World IPv6 Day Begins 24 Hours From Now. Websites, Start Your Engines.

Googleblog: Back in January, we joined the Internet Society and a handful of leading Internet companies toannounce World IPv6 Day. The announcement was a rallying call for adoption of the new Internet Protocol; now, less than six months later, participation has grown to more than 400 organizations. We believe this is an important milestone, as IPv6 is the only long-term solution to IPv4 address exhaustion, and its deployment is crucial to the continued growth of the open Internet.

About 24 hours from now, at midnight UTC on June 8 (Tuesday afternoon in the U.S., Wednesday morning in Asia), all the participants will enable IPv6 on their main websites for 24 hours. For Google, this will mean virtually all our services, including Search, Gmail, YouTube and many more, will be available over IPv6.

In all likelihood, you won’t even notice the test. The vast majority (99.95%) of people will be able to access services without interruption: either they’ll connect over IPv6, or their systems will successfully fall back to IPv4. However, as with any next-generation technology, there may be teething pains. We estimate that .05% of systems may fail to fall back to IPv4, so some people may find Google, Facebook, Yahoo, Bing and other participating websites slow or unresponsive on World IPv6 Day. This is often due to misconfigured or misbehaving home networking equipment, such as home routers, that can make a computer think it has IPv6 connectivity when in fact it’s not working.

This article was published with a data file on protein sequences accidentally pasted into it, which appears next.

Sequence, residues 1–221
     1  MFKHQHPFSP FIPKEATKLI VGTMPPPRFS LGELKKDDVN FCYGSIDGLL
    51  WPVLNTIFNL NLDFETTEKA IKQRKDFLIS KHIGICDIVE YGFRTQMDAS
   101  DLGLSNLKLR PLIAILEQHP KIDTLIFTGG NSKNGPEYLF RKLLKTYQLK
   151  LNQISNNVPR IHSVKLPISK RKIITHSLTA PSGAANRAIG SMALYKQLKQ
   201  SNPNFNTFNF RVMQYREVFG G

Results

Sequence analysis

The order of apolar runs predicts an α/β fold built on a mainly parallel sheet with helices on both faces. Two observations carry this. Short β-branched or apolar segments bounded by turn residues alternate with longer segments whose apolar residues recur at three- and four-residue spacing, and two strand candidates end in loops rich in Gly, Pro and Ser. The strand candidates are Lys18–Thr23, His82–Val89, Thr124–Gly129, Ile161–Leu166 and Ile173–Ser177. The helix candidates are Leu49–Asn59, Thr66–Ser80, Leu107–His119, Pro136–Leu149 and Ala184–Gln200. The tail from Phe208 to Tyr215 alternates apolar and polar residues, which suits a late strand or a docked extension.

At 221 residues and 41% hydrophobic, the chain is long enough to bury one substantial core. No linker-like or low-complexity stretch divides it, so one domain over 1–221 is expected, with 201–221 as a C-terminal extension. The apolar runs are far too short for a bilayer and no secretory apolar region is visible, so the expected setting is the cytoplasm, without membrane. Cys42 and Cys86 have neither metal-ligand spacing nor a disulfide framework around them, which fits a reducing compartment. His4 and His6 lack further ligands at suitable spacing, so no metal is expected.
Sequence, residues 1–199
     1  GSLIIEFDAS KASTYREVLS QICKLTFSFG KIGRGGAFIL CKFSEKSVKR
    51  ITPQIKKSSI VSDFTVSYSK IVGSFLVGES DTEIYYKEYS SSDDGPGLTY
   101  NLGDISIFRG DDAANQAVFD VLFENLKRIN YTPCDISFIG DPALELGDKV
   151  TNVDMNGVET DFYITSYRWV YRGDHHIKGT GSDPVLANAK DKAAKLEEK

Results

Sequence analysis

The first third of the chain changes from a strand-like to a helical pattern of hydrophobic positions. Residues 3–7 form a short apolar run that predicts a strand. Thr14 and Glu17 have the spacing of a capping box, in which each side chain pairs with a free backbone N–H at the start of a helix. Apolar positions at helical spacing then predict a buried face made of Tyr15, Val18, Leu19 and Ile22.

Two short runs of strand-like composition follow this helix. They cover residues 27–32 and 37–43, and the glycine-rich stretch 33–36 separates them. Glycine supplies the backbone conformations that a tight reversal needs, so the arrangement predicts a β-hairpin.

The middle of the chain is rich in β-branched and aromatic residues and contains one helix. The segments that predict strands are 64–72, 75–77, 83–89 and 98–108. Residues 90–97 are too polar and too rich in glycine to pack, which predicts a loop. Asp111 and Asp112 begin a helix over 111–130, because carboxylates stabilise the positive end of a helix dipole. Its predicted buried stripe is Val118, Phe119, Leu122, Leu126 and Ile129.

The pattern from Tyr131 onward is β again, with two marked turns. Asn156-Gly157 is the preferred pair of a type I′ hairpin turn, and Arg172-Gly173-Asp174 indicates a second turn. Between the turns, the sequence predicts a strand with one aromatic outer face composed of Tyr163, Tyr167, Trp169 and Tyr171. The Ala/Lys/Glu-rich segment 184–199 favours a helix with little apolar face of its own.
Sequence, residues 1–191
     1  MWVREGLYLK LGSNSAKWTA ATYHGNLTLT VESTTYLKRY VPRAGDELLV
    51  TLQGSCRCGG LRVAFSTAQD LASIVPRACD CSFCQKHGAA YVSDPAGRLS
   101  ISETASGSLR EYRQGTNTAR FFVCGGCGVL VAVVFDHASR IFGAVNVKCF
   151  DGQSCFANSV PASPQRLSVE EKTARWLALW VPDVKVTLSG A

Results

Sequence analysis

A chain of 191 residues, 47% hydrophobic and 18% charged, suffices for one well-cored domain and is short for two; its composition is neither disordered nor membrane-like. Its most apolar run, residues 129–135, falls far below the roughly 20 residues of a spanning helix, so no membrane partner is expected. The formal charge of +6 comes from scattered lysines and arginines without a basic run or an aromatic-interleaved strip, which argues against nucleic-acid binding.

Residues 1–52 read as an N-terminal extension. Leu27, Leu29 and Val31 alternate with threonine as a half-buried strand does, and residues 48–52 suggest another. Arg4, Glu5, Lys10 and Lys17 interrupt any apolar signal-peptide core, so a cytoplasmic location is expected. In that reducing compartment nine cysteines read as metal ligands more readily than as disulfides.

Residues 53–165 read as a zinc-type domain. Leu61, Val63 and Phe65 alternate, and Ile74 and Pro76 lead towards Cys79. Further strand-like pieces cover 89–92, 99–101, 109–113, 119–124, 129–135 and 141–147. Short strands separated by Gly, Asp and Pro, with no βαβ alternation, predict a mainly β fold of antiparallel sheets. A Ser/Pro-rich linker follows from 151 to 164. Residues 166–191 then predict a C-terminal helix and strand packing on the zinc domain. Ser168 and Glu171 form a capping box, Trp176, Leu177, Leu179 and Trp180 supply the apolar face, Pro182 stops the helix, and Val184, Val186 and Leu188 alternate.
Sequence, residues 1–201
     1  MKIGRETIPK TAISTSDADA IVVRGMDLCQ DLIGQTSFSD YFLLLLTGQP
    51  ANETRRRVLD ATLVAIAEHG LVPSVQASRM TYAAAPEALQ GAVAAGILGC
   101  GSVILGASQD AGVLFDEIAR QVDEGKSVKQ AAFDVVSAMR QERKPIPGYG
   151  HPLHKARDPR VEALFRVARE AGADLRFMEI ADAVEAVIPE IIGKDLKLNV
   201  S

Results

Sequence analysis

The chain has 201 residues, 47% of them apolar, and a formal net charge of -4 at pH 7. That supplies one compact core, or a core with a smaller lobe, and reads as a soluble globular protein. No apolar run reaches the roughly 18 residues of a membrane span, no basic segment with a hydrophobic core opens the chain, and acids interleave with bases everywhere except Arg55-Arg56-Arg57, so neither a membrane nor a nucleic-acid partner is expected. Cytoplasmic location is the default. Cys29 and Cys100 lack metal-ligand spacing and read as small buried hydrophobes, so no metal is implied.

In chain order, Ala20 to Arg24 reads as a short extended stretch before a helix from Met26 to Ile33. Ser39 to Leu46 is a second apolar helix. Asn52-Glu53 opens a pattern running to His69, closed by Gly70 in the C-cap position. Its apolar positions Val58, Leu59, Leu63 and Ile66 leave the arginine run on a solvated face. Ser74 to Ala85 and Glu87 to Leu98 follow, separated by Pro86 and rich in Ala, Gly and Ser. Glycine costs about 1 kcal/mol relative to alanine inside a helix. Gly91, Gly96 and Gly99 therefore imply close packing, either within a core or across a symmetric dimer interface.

Over the past few months, we’ve been working hard with other industry players to prepare. Operating system vendors and browser manufacturers have been releasing updates to resolve IPv6 connectivity issues—for example, Google Chrome now incorporates workarounds for malfunctioning IPv6 networks—and we’ve seen router manufacturers test their devices for robust IPv6 support as well. For our part, we’ve been busy adding IPv6 support to services that didn’t yet have it, and fixing minor issues with those that did. And since the best way to find bugs in your services is to hammer on them yourself, Google employees have been operating in “World IPv6 Day mode” for several months now.

We’ve also been thinking about how best to notify people who may have connectivity issues. To that end, we’ve run a prominent notice in Google Search for people who may not be able to connect, directing them to a new test page and help article. If you’re curious, you can test your connection now at

Posted by Lorenzo Colitti, Network Engineer and IPv6 Samurai

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